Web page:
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IMF Policies Harm Kenyan Health System, Report Says

According to a report released Tuesday, policies set by the International Monetary Fund (IMF) have restricted government spending on health services, “denying sick Kenyans access to drugs and quality healthcare,” Business Daily reports. The report — conducted by the Centre for Economic Governance and AIDS in Africa in collaboration with Kenya Aids NGOs Consortium (KANCO) and Results Education Fund — argues that “expenditure ceilings on public health spending imposed in the ‘90s as part of the conditions for disbursing financial support to Kenya have held back progress in the health sector by restricting the recruitment of medical professionals.”

Recent Releases In Global Health

Blog, Editorial Address Unsafe Abortion In Developing Countries In light of a recent Guttmacher Institute report that indicated 70,000 women in developing countries die each year from unsafe abortion, a Lancet editorial outlines ways to reduce deaths, and says, “The current political climate is favourable, because the global-gag rule (the…

Opinions: Pragmatic Vs. Moral Approach To Health Care Access; Pres. Bush’s PEPFAR

Rights Advocacy Not The Best Approach For Global Health “[T]he global campaign to equalise access to healthcare has had a surprising result: it has made global healthcare more unequal,” William Easterly, a professor of economics at New York University and co-director of its Development Research Institute, writes in a Financial Times…

Panel Discusses Future Of USAID, QDDR

While the “long wait for an appointment of” a USAID administrator continues, the agency’s future “was the main topic of interest” at a U.S. Global Leadership Coalition conference Wednesday in Washington, D.C., Foreign Policy’s blog, “The Cable,” reports. Deputy Secretary of State Jack Lew, Director of Policy Planning Anne-Marie Slaughter and acting USAID Administrator Alonzo Fulgham participated in a panel at the conference (Rogin, 10/14).

Innovative Financing For Global Health Issues Discussed At Nairobi Meeting

As more countries prepare to introduce a voluntary travel tax to help fight HIV/AIDS and other diseases worldwide, Philippe Douste-Blazy, chair of UNITAID and a U.N. special advisor on innovative development financing said at a recent event in Nairobi, Kenya, that “the airline levy gives participating developing nations an opportunity to contribute to treatment in their countries rather than depending on handouts from the developed world,” the Standard reports. “Cote d’Ivoire, Niger, Madagascar and Mauritius are applying the airline levy, while Benin, Burkina Faso and Kenya have said they will introduce it,” according to the Standard.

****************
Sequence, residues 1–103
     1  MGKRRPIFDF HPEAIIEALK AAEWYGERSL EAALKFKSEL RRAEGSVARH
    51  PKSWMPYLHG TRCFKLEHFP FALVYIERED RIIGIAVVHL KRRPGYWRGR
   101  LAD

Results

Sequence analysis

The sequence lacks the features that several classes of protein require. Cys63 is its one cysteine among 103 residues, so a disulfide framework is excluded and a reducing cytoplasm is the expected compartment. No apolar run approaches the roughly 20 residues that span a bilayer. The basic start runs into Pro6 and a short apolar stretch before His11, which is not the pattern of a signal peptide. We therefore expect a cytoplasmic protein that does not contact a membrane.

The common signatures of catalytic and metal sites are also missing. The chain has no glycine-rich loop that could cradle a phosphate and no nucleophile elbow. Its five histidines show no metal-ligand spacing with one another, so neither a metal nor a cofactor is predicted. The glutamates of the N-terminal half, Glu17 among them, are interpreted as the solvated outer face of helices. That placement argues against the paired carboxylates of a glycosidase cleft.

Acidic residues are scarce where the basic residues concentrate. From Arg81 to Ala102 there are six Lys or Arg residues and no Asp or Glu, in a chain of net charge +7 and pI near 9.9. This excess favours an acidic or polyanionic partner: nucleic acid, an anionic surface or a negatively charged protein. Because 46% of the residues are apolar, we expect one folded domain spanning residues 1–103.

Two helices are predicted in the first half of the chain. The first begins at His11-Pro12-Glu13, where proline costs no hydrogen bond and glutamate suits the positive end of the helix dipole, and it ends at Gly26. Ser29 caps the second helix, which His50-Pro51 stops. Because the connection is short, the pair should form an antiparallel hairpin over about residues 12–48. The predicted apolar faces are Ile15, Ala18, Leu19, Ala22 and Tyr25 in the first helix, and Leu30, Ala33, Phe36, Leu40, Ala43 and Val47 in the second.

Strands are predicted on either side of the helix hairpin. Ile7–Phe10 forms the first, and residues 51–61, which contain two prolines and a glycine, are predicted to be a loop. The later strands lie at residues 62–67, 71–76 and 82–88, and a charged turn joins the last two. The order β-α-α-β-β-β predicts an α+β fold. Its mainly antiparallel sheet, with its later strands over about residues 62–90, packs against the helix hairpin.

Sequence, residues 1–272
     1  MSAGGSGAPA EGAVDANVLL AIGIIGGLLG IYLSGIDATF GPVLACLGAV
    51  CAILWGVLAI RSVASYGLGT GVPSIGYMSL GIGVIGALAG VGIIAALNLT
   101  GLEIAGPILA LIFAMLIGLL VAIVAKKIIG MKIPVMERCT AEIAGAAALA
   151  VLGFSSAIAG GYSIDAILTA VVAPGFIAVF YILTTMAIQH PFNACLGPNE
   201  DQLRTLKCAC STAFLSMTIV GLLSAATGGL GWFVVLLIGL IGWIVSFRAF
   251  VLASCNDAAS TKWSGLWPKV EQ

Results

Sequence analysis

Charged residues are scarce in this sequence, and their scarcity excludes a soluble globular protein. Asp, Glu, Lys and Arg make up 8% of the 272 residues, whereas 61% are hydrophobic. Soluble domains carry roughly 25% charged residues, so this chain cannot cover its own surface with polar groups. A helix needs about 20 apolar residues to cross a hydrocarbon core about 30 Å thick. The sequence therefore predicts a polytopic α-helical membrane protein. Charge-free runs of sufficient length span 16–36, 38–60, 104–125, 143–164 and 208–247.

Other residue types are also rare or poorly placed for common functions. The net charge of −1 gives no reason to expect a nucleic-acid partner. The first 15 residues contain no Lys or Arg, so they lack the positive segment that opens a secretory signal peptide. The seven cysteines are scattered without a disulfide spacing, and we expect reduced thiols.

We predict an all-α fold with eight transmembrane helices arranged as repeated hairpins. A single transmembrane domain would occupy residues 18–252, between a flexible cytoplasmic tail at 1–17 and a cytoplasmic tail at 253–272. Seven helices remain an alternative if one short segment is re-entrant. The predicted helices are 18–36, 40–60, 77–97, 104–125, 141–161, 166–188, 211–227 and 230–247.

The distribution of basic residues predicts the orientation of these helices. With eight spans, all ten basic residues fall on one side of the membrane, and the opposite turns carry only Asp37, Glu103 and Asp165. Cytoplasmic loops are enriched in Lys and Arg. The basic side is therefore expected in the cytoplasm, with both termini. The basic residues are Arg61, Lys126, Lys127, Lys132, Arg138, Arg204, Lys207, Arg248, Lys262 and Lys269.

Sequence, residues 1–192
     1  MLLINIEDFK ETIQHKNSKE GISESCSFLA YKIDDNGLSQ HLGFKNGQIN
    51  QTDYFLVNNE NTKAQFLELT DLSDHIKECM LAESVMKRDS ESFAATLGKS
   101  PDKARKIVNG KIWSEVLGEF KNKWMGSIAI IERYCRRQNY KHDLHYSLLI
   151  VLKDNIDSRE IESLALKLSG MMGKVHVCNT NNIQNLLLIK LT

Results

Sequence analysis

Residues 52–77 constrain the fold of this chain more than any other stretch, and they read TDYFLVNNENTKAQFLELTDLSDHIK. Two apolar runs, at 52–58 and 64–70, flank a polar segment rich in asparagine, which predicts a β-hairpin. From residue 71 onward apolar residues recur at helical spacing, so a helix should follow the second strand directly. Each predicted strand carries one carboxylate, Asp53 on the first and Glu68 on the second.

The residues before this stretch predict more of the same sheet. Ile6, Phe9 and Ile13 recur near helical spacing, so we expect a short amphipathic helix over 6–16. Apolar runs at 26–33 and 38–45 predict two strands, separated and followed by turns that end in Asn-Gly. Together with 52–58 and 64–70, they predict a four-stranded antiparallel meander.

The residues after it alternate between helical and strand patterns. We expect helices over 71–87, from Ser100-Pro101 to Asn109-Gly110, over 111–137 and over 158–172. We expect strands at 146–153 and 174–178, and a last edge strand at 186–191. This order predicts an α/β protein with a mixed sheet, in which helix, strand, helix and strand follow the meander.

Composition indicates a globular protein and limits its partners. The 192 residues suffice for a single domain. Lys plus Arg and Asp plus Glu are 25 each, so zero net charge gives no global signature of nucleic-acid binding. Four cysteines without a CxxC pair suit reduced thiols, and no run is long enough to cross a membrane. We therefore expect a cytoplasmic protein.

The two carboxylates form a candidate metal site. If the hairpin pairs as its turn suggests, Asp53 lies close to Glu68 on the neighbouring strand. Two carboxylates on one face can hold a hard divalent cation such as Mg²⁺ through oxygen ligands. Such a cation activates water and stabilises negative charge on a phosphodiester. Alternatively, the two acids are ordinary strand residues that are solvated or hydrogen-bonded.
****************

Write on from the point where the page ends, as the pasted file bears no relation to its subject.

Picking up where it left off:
Seeking ‘Predictable’ Funding Sources For Global Health

In the second part of her blog series on the future of global health, Laurie Garrett, senior fellow for global health at the Council on Foreign Relations, discusses possibilities for upcoming global health funding outcomes, writing in her blog, “[T]he architecture of global health has been completely remade since 1990,…

Devex Examines U.S. Government’s Action Plan On Children In Adversity

“Six months after its launch, the U.S. government’s Action Plan for Children in Adversity lacks ‘teeth,’ child development and health experts told a Senate appropriations subcommittee on Tuesday,” Devex’s “Development Newswire” blog reports. The blog post discusses the hearing, some of the challenges facing the action plan, including funding, as…

Nations, International Donors Must Keep Commitment To Ending AIDS

“Ghana is among the 29 African countries reported by the WHO to have been able to reduce prevalence of HIV and AIDS over the past decade,” Ghana President John Dramani Mahama writes in the Huffington Post’s “The Big Push” blog. “While we can be proud of our response, we must…

Rainy Season In Haiti Brings Warnings Of Possible Cholera Resurgence

As the rainy season threatens to begin in Haiti, health care professionals and relief workers are warning of “the risk of a renewed cholera epidemic that first struck in October 2011,” Fox News reports. “[E]very rainy season, the number of cases spikes, as polluted water levels rise in a country…